The story you relate about watching a high-school boy grab the breast of a freshman girl, who said and did nothing, is EXACTLY the reason why Donald Trump remarked (about actresses and other females who are star-struck), “They LET you do it. You can do anything. Grab ‘em by the p____. You can do anything.” This sick cultural norm has been created by women, embraced by men and here we all are, in the middle of it. What comes next?Well, the return of the Savior would be wonderful. But while waiting for that, we women must recognize as true what actress Mayim Bialik wisely states in her op-ed piece -- that women have the power to be “self-protecting and wise” and that “dressing modestly and not acting flirtatiously with men as a policy” adds to that protection. She is correct, but many have stopped their ears and are foolishly unwilling to listen.Texas Democrat Congresswoman Eddie Bernice Johnson has stated the same, and, of course, was then vilified by other liberals for wrongly placing some responsibility upon women.Now, OF COURSE, these protections will not stop all sexual assault. But they are a good start and are what I will personally teach my granddaughters: Not to fear men, but to respect themselves, and to know that where sexual attitudes are concerned, women are the gatekeepers.The “accepted norms of morality and appropriateness” are STILL being touted by wise females. And by wise males, may I add.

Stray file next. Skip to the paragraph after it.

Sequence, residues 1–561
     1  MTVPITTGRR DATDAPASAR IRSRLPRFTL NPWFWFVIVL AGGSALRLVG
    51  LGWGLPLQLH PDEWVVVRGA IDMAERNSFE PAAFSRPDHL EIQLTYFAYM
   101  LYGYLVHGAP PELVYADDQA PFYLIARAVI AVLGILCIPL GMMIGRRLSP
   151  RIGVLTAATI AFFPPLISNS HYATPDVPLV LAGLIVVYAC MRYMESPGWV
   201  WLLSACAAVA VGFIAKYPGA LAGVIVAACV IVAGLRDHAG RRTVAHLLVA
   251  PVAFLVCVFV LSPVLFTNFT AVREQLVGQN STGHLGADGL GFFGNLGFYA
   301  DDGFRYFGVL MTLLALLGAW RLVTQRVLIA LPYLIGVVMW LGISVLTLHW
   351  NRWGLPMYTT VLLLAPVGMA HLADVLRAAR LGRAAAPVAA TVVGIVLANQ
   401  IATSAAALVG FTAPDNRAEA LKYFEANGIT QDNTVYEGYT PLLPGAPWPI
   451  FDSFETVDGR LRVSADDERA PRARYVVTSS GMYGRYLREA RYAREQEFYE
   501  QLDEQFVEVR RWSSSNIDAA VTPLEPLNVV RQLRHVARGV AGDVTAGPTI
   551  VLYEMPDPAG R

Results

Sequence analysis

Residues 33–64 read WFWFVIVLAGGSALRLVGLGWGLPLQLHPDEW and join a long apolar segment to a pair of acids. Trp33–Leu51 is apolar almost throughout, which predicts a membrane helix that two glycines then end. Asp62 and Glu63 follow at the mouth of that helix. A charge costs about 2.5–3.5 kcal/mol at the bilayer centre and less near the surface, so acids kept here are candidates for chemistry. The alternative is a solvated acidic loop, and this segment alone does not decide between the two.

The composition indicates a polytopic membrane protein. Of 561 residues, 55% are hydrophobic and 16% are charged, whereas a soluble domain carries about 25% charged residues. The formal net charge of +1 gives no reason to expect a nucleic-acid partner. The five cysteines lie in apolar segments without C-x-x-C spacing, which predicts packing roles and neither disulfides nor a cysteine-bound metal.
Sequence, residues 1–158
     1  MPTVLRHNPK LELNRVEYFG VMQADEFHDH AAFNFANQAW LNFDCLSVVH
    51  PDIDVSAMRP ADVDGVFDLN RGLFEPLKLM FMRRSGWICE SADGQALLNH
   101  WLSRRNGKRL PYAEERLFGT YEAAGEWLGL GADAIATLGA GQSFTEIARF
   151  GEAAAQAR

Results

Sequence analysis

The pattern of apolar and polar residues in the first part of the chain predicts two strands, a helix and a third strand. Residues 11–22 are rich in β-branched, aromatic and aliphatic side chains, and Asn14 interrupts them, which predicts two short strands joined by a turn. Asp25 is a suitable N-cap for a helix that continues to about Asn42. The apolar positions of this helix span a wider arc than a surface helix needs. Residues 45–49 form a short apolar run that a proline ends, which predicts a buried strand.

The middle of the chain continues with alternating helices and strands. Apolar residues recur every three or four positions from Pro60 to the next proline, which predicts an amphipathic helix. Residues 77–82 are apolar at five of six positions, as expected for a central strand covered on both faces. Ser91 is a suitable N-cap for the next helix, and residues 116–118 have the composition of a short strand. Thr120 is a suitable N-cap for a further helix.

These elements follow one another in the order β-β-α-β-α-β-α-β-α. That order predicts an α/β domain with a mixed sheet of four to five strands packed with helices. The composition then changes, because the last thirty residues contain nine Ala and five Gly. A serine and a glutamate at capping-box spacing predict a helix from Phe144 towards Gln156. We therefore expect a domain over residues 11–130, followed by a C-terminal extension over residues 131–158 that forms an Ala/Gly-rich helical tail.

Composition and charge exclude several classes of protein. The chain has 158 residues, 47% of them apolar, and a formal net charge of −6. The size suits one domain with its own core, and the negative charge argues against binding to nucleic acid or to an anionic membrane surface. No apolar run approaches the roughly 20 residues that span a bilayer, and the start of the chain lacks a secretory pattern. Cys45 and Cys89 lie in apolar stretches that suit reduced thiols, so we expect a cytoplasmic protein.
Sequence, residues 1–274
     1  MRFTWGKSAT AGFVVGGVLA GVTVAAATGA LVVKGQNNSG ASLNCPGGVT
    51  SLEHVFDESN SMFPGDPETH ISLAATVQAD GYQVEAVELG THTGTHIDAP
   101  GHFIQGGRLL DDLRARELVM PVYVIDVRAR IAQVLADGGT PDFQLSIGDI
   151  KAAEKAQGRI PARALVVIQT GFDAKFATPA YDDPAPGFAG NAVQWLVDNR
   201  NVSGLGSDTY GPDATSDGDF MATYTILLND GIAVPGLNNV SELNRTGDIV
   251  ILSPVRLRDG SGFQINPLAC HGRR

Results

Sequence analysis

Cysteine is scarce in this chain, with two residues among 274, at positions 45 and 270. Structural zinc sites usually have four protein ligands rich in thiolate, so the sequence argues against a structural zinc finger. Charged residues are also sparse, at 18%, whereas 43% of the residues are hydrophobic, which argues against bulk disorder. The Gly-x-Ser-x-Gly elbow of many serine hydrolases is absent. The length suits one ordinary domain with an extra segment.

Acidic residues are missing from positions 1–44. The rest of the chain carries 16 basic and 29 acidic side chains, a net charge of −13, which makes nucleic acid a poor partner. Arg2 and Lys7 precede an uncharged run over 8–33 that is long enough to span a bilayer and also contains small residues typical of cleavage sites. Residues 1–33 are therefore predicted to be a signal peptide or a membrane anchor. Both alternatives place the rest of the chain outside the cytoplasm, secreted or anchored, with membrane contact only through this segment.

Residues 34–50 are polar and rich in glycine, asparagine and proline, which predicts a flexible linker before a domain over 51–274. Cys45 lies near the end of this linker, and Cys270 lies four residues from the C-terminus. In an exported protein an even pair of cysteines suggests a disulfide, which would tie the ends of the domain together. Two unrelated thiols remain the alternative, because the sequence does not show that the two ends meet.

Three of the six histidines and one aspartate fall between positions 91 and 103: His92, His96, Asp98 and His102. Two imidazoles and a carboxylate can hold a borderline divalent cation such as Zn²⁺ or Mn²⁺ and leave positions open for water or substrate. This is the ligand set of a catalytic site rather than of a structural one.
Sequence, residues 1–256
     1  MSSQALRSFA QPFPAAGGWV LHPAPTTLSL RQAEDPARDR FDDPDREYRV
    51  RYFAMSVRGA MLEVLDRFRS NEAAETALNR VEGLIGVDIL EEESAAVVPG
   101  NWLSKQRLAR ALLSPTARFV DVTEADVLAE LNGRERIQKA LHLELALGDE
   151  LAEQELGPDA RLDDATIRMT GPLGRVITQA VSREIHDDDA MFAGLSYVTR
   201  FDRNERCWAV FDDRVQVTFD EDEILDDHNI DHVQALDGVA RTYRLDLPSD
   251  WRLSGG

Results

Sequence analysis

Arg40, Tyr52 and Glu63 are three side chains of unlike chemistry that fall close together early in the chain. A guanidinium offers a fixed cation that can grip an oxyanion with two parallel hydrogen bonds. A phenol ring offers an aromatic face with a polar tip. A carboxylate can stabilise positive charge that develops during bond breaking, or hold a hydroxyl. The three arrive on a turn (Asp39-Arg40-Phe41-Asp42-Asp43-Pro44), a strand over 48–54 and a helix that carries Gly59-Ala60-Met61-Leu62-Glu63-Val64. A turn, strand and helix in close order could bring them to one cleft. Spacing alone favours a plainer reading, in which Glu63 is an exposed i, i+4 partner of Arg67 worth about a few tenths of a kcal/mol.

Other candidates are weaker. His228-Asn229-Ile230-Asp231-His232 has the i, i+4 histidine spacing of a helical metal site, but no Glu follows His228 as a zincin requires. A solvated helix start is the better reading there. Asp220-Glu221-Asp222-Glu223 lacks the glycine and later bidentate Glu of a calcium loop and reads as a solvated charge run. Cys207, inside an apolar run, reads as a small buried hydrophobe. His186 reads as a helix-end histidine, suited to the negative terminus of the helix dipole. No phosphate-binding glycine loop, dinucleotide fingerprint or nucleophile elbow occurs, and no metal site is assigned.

Our Vice-President Mike Pence, through his actions and words, is teaching American men (and women) that not dining with, nor spending one-on-one time alone with, women other than his wife is the standard he chooses to keep. A standard which ensures safety in his marriage. You can bet that every one of our General Authorities keeps that same standard.We who are followers of Christ are not to hide our light under a bushel but are to shine brightly for the world to see and to follow. I’m up for the challenge. And, clearly, so are you, Mariah, for writing such a well-worded article. Thank you.